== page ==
ADC AUTHOR Congress could help start hundreds of infrastructure projects across the country by appropriating money to the Defense Community Infrastructure Program (DCIP), according to analysis the Association of Defense Communities released this week.“This ready-to-go infrastructure plan makes national security the first priority,” ADC writes in “Implementing the Defense Community Infrastructure Program: A Survey of Projects Ready to Enhance Military Value.”Congress created DCIP in the defense authorization bill to allow for DOD matching grants to state and local governments for critical off-base infrastructure needs affecting installations’ resilience and readiness.A national survey helped ADC identify more than 200 projects in 28 states that could be eligible for DCIP funding. The report describes the projects, which range from transportation and public safety to utilities and other joint services.The defense bill authorized up to $100 million for DCIP, but that would need to be officially appropriated by Congress.
British prime minister Theresa May reacts after tellers announced the results of the vote Brexit deal in Parliament in London, Britain on 12 March in this screen grab taken from video. Photo: ReutersBritish MPs resoundingly rejected prime minister Theresa May’s Brexit deal for a second time on Tuesday, plunging the country into further uncertainty just 17 days before it is due to split from the European Union.The House of Commons voted 391-242 against the divorce deal, even after May secured further guarantees from Brussels over its most controversial elements.The move risks unleashing economic chaos, as Britain is scheduled to end ties with its biggest trade partner after 46 years on 29 March no matter what.Appearing before MPs in a voice half-breaking due to a cold, May defiantly vowed to fight on, saying she “profoundly” rejected the outcome.“The deal we’ve negotiated is the best and indeed the only deal,” she told the hushed chamber moments after the vote.May promised to allow MPs to vote on a “no deal” option on Wednesday and, if that is rejected as expected, to decide on Thursday whether to ask the EU to delay Brexit.She said parliament faced “unenviable choices” if it voted for an extension, including revoking Brexit, holding a second referendum or leaving with another deal.However, euro sceptics believe the current deal is so bad that it is worth the risk of leaving with no plan.The latest vote comes two years after Britain set the clock ticking on its departure from the EU following a highly divisive referendum in 2016.Michel Barnier, the EU chief Brexit negotiator, said Brussels had nothing more to offer and must now brace for the possibility of a messy divorce.“The EU has done everything it can to help get the Withdrawal Agreement over the line,” Barnier tweeted.“The impasse can only be solved in the #UK. Our ‘no-deal’ preparations are now more important than ever before.”But a spokeswoman for European Commission chief Jean-Claude Juncker said EU members would consider a “reasoned request” for a Brexit delay.Germany’s foreign minister said Tuesday that it was becoming increasingly likely that Britain would crash out of the bloc with no deal in place, accusing the country of “gambling carelessly with the well-being of citizens and the economy”.“Unfortunately, I can only say that at the moment Germany has prepared for all the worst cases as well as possible,” Heiko Maas said.Not a single changeJeremy Corbyn, leader of the main opposition Labour party who has been trying to force snap elections, said May must now admit that her government’s overarching strategy had failed.“Their deal, their proposal, the one the prime minister’s put, is clearly dead,” Corbyn said, calling on her to negotiate for a softer Brexit to keep close economic ties with the EU.After MPs first rejected the 585-page Brexit deal in January, May promised changes to the hated backstop plan which is intended to keep open the border with EU member Ireland.She announced she had secured the promised “legally binding changes” to the backstop—which would keep Britain in the EU’s customs union if and until a new way was found to avoid frontier checks—after a last-minute trip to Strasbourg to meet EU leaders on the eve of the vote.Hours later, however, Attorney General Geoffrey Cox said the additions would not completely allay MPs fears of being trapped in the arrangement forever.It did not take long for Brexit-supporting MPs in May’s Conservative party, and her allies, Northern Ireland’s Democratic Unionist Party (DUP), to declare their opposition.Some eurosceptics did change their mind, urging their colleagues not to risk everything.Former minister Edward Leigh said: “You may not like the deal, it’s not perfect, but it delivers Brexit and let’s go for it.”But the margin of Tuesday’s defeat was not substantially smaller than the 230-vote thumping the plan suffered on 15 January.The pound, which has been highly volatile since the 2016 referendum, initially rose after the vote but then sank against both the euro and dollar.No third chanceThe backstop is designed to protect the peace process in Northern Ireland, which involved the removal of border checks with the Republic of Ireland.Brexit supporters wanted a unilateral way out of it, or a time limit to the arrangement, but the EU said this would make it worthless.Leaders across Europe also united behind a message that this was the best and final offer Britain could expect.“There will be no third chance,” Juncker said after his talks on Monday with May.If MPs vote against a no-deal exit on Wednesday, and want to postpone Brexit, the other 27 EU nations would need to agree.Their leaders will meet in Brussels for a summit on 21-22 March.But any postponement may have to be short-lived.Juncker on Monday said Brexit “should be complete before the European elections” at the end of May.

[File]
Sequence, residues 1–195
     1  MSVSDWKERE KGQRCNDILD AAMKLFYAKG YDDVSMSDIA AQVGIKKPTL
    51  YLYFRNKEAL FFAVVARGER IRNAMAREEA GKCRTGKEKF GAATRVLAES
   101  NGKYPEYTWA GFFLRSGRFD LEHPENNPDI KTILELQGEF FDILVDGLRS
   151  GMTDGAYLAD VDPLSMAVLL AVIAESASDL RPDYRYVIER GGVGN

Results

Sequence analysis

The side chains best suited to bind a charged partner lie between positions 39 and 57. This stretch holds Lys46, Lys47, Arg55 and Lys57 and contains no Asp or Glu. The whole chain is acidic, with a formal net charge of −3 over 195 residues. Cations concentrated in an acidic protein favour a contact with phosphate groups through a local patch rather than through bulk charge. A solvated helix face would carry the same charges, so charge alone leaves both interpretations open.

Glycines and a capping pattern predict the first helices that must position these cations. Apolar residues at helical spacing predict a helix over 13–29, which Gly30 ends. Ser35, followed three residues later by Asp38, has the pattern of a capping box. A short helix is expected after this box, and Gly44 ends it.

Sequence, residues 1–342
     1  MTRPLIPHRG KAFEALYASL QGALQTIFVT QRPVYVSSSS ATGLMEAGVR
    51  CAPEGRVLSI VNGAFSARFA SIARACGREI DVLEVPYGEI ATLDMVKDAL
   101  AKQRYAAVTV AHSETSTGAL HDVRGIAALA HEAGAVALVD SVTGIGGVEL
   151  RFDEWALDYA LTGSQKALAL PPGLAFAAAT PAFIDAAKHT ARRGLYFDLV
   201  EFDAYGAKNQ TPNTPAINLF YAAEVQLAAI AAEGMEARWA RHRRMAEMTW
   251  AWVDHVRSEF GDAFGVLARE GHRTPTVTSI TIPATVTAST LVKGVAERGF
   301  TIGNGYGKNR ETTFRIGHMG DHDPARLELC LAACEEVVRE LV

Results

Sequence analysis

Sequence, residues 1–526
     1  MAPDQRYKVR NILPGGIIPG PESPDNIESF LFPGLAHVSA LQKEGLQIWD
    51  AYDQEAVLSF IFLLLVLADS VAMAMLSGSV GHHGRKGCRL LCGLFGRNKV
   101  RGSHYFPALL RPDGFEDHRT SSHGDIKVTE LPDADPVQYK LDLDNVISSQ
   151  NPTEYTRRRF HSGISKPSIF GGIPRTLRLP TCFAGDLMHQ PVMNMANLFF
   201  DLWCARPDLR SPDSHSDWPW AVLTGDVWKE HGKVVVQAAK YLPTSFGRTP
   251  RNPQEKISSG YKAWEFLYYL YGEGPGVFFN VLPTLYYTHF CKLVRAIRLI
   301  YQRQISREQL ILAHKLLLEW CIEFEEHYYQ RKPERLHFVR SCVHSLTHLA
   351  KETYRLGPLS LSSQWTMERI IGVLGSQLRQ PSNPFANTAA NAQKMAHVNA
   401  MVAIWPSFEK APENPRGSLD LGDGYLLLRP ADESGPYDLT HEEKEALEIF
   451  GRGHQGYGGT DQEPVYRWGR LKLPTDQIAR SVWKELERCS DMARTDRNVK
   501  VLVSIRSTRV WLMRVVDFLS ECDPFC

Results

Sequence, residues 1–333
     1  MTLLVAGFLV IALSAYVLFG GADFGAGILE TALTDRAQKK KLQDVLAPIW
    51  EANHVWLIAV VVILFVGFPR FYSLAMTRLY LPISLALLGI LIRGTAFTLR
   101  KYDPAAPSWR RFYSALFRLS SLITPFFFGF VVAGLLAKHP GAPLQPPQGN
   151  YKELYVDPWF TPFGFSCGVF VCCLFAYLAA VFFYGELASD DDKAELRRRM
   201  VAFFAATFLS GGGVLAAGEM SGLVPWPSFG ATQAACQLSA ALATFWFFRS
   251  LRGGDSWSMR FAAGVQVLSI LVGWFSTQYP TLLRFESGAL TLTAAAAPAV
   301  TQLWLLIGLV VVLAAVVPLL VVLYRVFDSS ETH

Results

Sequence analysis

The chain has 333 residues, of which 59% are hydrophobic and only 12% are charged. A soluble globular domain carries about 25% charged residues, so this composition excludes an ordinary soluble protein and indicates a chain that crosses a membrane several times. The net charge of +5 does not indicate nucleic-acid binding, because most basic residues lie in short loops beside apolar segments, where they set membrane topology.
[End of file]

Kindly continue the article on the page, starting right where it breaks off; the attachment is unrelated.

(Phys.org)—A pair of researchers at Duke University has built a library of protein data that outlines the specific amino acid sequences that control changes of many elastin proteins. In their paper published in the journal Nature Materials, Felipe García Quiroz and Ashutosh Chilkoti describe their research, the making of their library, and their belief that what they have created will help in the development of new synthetic designs for possible use in medical applications. Citation: Researchers develop a library of elastin-like proteins to help in creating synthetic designs (2015, September 23) retrieved 18 August 2019 from https://phys.org/news/2015-09-library-elastin-like-proteins-synthetic.html Proteins assemble and disassemble on command This document is subject to copyright. Apart from any fair dealing for the purpose of private study or research, no part may be reproduced without the written permission. The content is provided for information purposes only. More information: Sequence heuristics to encode phase behaviour in intrinsically disordered protein polymers, Nature Materials (2015) DOI: 10.1038/nmat4418AbstractProteins and synthetic polymers that undergo aqueous phase transitions mediate self-assembly in nature and in man-made material systems. Yet little is known about how the phase behaviour of a protein is encoded in its amino acid sequence. Here, by synthesizing intrinsically disordered, repeat proteins to test motifs that we hypothesized would encode phase behaviour, we show that the proteins can be designed to exhibit tunable lower or upper critical solution temperature (LCST and UCST, respectively) transitions in physiological solutions. We also show that mutation of key residues at the repeat level abolishes phase behaviour or encodes an orthogonal transition. Furthermore, we provide heuristics to identify, at the proteome level, proteins that might exhibit phase behaviour and to design novel protein polymers consisting of biologically active peptide repeats that exhibit LCST or UCST transitions. These findings set the foundation for the prediction and encoding of phase behaviour at the sequence level. Journal information: Nature Materials © 2015 Phys.org Explore further Proteins are organic compounds essential to all living organisms, they are especially prevalent in components that have structure, such as muscle, skin, hair, etc. They provide structure by self-forming into different shapes under different conditions, two of which are solubility and temperature. Proteins are made of sequences of amino acids—the order and type of which drive the shape of the protein when certain conditions are met. Scientists still do not quite understand how proteins self assemble into the specific 3D shapes they take, nor which amino acids lead to which shapes, or indeed, how the order in which they exist contributes to those shapes. To help provide a better understanding of how it all works, Quiroz and Chilkoti set about building a library of all the known elastin-like proteins, along with the shapes they take under different conditions. They based it on the sequences of five key amino acids found in the fibrous protein typically found in connective tissue, such as muscles. They then set about testing each entry in the library by growing samples of E. coli engineered to produce proteins that folded into different shapes under different conditions. Most specifically noted was under which conditions the proteins shifted from being soluble to non-soluble and vice-versa. That work led them to developing a set of rules that loosely defined which amino acid sequences would result in which shapes under which conditions.The research duo acknowledge that their rules are more like guidelines, but suggest the basis of what they have built can not only be made stronger with more research by them and others, but can be used to assist in creating synthetic proteins for use in developing targeted drugs. One example would be protein capsules that remain insoluble inside the body until a certain condition is met, at which point, a medication would be released.